Main Article Content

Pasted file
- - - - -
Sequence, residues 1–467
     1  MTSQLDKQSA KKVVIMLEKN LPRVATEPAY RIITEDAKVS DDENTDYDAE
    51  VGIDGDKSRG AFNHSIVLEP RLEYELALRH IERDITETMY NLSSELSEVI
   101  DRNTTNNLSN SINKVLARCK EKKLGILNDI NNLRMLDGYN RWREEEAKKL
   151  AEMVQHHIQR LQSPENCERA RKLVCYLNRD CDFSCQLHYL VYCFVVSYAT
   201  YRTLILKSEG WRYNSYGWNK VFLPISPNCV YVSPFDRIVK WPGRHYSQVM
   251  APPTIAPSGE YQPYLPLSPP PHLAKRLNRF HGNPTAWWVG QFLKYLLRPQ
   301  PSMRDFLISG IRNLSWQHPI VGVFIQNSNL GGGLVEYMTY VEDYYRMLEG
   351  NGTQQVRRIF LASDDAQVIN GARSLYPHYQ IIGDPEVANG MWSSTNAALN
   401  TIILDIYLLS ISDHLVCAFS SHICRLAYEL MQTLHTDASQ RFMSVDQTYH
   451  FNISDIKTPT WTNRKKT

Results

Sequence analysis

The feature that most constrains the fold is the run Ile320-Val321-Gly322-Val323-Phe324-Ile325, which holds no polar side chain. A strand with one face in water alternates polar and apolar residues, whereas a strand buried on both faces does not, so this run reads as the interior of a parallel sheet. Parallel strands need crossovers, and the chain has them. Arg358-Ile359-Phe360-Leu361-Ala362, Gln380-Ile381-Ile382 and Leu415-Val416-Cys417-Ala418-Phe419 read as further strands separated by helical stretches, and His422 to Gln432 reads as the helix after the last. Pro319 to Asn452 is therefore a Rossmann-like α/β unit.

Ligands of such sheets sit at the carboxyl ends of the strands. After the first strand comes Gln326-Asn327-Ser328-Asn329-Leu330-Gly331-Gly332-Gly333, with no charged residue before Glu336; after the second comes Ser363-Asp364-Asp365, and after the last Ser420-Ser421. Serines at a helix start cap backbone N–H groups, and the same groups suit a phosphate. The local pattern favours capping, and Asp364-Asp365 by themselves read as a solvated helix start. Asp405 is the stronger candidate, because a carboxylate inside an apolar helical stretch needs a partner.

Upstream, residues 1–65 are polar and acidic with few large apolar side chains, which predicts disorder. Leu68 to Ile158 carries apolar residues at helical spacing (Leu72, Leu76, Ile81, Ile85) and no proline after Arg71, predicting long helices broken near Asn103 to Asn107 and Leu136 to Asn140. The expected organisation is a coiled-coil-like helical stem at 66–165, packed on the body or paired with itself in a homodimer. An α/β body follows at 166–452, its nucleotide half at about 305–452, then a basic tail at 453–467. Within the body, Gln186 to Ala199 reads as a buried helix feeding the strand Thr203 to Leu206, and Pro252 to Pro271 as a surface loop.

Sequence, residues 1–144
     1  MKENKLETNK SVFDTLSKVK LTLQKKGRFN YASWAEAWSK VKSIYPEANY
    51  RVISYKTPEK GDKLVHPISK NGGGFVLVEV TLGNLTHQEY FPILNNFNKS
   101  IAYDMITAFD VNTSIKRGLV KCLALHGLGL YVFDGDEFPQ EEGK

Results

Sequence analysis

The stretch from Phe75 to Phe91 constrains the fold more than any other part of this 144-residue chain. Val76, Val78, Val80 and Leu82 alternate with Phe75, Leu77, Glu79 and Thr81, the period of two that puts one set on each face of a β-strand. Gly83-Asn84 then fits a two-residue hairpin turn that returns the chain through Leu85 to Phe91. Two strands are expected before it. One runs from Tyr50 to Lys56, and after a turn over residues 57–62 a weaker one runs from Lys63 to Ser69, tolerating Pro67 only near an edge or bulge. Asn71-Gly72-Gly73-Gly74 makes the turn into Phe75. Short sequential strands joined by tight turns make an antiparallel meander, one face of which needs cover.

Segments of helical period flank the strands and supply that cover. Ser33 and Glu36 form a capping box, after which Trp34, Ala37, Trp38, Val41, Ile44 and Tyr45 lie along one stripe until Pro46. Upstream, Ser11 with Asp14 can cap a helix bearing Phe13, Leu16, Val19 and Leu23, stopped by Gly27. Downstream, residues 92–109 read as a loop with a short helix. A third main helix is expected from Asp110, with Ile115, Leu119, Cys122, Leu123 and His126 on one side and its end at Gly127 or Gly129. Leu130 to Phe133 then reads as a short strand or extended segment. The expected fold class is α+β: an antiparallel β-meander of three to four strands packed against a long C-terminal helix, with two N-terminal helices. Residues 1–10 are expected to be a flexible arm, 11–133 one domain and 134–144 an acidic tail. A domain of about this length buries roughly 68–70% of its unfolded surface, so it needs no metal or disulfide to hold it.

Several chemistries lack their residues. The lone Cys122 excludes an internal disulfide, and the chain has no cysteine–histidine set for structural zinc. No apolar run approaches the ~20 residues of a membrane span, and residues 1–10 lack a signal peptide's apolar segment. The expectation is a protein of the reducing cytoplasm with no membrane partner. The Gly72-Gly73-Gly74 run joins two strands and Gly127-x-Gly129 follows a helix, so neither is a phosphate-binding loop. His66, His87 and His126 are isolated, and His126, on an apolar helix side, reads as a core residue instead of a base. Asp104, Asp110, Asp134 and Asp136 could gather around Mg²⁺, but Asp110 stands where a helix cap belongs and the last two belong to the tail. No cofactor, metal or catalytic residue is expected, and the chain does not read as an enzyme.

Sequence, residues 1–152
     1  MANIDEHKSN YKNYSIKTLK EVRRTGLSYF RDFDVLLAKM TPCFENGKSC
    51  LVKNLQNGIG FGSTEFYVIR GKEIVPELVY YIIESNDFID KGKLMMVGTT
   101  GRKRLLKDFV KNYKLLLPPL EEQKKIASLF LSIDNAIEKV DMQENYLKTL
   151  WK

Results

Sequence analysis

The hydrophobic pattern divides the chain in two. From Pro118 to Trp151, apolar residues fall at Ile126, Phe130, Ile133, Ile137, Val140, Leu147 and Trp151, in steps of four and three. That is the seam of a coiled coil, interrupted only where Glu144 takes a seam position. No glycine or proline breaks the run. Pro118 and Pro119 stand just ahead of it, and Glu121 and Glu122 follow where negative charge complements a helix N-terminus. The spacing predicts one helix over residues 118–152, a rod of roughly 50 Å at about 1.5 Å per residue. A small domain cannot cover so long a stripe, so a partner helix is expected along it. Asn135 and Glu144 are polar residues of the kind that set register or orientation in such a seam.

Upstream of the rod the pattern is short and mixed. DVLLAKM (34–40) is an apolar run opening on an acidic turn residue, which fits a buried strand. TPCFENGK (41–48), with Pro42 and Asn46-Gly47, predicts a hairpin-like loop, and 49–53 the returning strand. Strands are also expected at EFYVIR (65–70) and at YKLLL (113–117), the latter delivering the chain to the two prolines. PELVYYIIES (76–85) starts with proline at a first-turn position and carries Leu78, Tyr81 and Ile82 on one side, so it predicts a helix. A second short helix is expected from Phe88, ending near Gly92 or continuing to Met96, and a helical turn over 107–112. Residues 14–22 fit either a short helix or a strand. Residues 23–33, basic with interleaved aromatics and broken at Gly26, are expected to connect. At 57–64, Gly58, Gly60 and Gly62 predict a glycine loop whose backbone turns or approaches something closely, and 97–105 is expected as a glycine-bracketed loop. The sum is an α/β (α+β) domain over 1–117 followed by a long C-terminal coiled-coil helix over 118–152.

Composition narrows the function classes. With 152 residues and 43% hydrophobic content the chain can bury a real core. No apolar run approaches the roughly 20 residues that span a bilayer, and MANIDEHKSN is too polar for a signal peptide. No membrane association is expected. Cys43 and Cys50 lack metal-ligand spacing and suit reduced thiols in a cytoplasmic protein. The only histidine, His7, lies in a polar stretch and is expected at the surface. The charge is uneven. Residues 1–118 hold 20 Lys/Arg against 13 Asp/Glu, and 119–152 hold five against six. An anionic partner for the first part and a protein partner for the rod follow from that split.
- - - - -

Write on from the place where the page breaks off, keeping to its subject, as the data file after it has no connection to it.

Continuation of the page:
Although improvements have been made since 1990, access to safe sanitation and improved water in Ethiopia remains low, contributing to the burden of preventable illnesses like diarrhea, trachoma and soil transmitted helminthes. In May 2012, the Ethiopia Outreach student organization, from the University of Texas Health Science Center at San Antonio, conducted a household survey to measure water, sanitation and hygiene (WASH) knowledge, attitudes and practices to better understand the social and structural determinants of health. While 65.4% of households reported having access to safe water and 100% reported having access to a latrine, only 6% of latrines were improved facilities. A knowledge score was created to determine individuals’ understanding of sanitation, hygiene and disease transmission. The Knowledge Score is the sum (maximum score= 33) of all the correct responses for each of seven knowledge questions. It was determined that those who kept their latrines sealed, did not keep animals in their homes, had attended a community meeting within the last year and reported cell phone use had significantly higher knowledge scores than those who did not. This data provides a foundation for understanding the contributors to the burden of preventable disease in Aleta Wondo and a starting point for the design of further research and possible interventions.